on what is probably the most important extension of BB,

earnings response coefficients. This line of research asks a different question than BCW,
namely, for a given amount of unexpected earnings, is the security market response greater
for some firms than for others?

154

Chapter

5.4 EARNINGS RESPONSE COEFFICIENTS


Recall that the abnormal securities market returns identified by BB were averages, that is,
they showed that on average their GN firms enjoyed positive abnormal returns, and negative for their BN firms. Of course, an average can conceal wide variation about the average. Thus, it is likely that some firms' abnormal

returns were well above average and

others' were well below.


This raises the question of why the market might respond more strongly to the good
or bad news in earnings for some firms than for others. If answers to this question can be

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found, accountants
useful

can improve their understanding

of how accounting

investors. This, in turn, could lead to the preparation

to

information

is

of more useful financial

statements.
Consequently,
accounting

one of the most important

directions

that

empirical

research took following the BB study was the identification

financial

and explanation

of differential market response to earnings information. This is called earnings response


coefficient (ERe) research.f

An earnings response coefficient

measures the extent of a security's abnonnal

market rerum in response W the Imexpected component of reported earnings of the firm
issuing that security.

5.4.1 Reasons for Differential

Market

Response

A number of reasons can be suggested for differentiaL market response

to reported earnings.

We will review these in tum.

Beta The riskier is the sequence of a firm's future expected returns, the lower will be its
value to a risk-averse investor, other things equal. For a diversified investor, the relevant
risk measure of a security is its beta, explained in Section 3.7. Since investors look to current earnings as an indicator of future firm performance and share returns, the riskier these
future returns are the lower investors' reactions co a given amount of unexpected earnings
will be.
To illustrate, think of a typical risk-averse, rational investor whose utility increases in
the expected value and decreases in the risk of the return on his or her portfolio. Suppose
that the investor, upon becoming aware thac a portfolio security has just released GN
earnings information,

revises upwards the expected rate of return on this security, and

decides to buy more of it. However, if this security has high beta, this will increase portfolio risk." Consequently, (he investor would not buy as much more as if the security was
low beta. In effect, the high beta acts as a brake on the investor's demand for the GN security. Since all risk-averse, rational, informed investors will think chis way, the demand for
the GN firm's shares will be lower the higher is its beta, other things equal. Of course,
lower demand implies a lower increase in market price and share return in response to the
GN, hence, a lower ERe.
Empirical evidence of a lower ERC for higher-beta securities was found by Collins
and Kothari (1989) and by Easton and Zmijewski (1989),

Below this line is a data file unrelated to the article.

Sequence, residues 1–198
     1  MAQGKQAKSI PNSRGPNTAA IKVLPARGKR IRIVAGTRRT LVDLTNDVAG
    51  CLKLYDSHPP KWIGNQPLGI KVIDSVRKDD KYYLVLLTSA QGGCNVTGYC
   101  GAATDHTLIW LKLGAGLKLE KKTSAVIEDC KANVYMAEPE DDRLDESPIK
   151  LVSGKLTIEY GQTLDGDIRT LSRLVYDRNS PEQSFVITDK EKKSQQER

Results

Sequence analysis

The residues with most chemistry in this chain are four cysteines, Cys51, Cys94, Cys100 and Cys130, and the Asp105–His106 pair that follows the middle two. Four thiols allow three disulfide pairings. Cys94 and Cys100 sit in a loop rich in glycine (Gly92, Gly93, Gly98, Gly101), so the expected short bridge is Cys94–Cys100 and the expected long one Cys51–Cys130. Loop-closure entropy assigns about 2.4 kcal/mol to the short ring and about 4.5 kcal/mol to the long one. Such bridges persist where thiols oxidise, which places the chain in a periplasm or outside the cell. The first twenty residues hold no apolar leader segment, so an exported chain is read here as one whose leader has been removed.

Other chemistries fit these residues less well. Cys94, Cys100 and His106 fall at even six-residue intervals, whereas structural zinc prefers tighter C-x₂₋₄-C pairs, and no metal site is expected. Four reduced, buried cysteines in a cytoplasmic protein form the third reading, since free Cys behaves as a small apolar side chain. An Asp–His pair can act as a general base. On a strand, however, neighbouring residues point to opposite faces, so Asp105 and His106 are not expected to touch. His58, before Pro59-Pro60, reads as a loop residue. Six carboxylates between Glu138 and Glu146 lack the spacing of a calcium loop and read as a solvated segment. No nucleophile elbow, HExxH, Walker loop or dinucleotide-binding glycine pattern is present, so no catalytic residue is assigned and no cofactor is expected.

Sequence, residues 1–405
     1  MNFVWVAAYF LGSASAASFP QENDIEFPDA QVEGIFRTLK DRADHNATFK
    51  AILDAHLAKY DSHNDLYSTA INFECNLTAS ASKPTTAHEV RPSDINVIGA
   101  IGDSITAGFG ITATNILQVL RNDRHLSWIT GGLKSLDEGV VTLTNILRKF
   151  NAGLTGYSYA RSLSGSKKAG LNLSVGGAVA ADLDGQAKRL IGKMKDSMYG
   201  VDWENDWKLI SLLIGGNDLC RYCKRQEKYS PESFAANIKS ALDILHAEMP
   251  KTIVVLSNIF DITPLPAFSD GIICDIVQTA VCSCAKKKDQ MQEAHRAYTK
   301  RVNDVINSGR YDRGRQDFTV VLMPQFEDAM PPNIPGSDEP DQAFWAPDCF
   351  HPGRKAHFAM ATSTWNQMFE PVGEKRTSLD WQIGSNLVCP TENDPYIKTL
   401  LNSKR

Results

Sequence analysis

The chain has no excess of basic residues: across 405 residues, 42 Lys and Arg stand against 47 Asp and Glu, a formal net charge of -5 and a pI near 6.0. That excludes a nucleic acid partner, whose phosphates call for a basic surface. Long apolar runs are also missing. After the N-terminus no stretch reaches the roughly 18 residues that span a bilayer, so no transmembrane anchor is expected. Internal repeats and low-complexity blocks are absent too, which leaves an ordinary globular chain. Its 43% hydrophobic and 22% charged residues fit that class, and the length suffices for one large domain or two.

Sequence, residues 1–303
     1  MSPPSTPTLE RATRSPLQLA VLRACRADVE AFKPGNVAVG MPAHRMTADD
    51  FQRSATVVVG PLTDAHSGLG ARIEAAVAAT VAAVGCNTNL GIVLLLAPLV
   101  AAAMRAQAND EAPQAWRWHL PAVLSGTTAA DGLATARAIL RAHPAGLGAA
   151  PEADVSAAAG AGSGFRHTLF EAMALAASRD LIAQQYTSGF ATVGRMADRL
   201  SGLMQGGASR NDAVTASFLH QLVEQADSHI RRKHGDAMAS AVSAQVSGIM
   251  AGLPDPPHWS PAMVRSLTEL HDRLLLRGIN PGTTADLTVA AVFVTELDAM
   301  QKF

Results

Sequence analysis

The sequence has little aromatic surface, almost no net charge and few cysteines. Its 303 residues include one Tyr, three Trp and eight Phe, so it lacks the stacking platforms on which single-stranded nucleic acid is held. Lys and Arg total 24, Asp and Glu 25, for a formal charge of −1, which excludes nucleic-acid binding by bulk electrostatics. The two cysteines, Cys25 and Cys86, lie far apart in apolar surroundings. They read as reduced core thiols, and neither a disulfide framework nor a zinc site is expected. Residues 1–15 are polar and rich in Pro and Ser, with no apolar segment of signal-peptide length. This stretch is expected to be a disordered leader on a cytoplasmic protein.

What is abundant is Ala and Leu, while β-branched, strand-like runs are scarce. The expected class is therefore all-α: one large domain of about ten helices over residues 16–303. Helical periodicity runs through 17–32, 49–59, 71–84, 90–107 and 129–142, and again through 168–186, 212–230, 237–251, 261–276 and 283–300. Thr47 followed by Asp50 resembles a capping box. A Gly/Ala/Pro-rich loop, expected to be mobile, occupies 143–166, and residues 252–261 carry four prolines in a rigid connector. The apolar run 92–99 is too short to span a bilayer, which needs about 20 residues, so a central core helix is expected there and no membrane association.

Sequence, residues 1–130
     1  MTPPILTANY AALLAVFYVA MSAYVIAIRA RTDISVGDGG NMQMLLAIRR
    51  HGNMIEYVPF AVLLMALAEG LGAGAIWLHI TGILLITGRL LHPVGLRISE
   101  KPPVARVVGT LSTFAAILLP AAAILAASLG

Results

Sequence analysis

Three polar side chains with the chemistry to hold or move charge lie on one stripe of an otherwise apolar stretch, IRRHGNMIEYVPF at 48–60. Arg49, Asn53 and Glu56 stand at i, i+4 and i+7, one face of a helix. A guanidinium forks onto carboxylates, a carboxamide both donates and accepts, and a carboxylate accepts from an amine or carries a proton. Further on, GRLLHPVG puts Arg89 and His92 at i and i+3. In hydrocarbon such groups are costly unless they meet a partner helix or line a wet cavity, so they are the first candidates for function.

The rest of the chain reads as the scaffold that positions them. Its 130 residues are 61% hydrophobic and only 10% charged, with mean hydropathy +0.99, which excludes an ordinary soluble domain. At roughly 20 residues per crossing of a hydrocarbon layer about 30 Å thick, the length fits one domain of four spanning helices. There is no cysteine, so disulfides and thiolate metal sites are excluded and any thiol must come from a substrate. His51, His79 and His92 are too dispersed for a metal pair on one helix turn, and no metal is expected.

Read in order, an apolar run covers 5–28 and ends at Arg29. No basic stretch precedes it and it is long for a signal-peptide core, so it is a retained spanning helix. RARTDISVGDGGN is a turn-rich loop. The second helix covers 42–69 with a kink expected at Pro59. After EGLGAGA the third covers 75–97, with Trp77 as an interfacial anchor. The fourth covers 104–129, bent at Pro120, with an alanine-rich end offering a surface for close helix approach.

154

Chapter

Capital Structure

For highly levered firms, an increase, say, in earnings

interest) adds strength and safety to bonds and other outstanding

(before

debt, so that much of

the good news in earnings goes to the debrholders rather than the shareholders. Thus, the
ERC for a highly levered firm should be lower than that of a firm with little or no debt,
other things equal.
Empirical evidence of a lower ERC for more highly levered firms was reported by
Dhaliwal, Lee, and Fargher (1991).

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Earnings Quality
informativeness)

Recall from Section

3.3.2 that we define the quality (i.e., the

of earnings by the magnitude of the main diagonal probabilities of the

associated information system. The higher these probabilities, the higher we would expect
the ERC to be, since investors are better able to infer future firm performance from current
performance.
As a practical matter, measurement

of earnings quality is less clear, since information

system probabilities are not directly observable and a sampling approach runs into problems
of estimation risk due to sampling error. An indirect approach, discussed in Section 3.3.2,
is to infer earnings quality by the magnitude of analysts' earnings forecast revisions following earnings announcements.

However, this just raises the question of why analysts revise

their forecasts more for some firms than others.


Fortunately, other dimensions of earnings quality are available, including the important concept of earnings persistence.

We would expect that the ERC will be higher the

more the good or bad news in current earnings is expected

(0

persist into the future, since

current earnings then provide a better indication of future firm performance. Thus, if current GN is due to the successful introduction

of a new product or cost-cutting

by manage-

ment, the ERC should be higher than if the GN was due to, say, an unanticipated

gain

on disposal of plant and equiprnenr. In the latter case, the firm's market value increases
dollar-for-dollar

with the amount of the gain, since there is little reason to expect the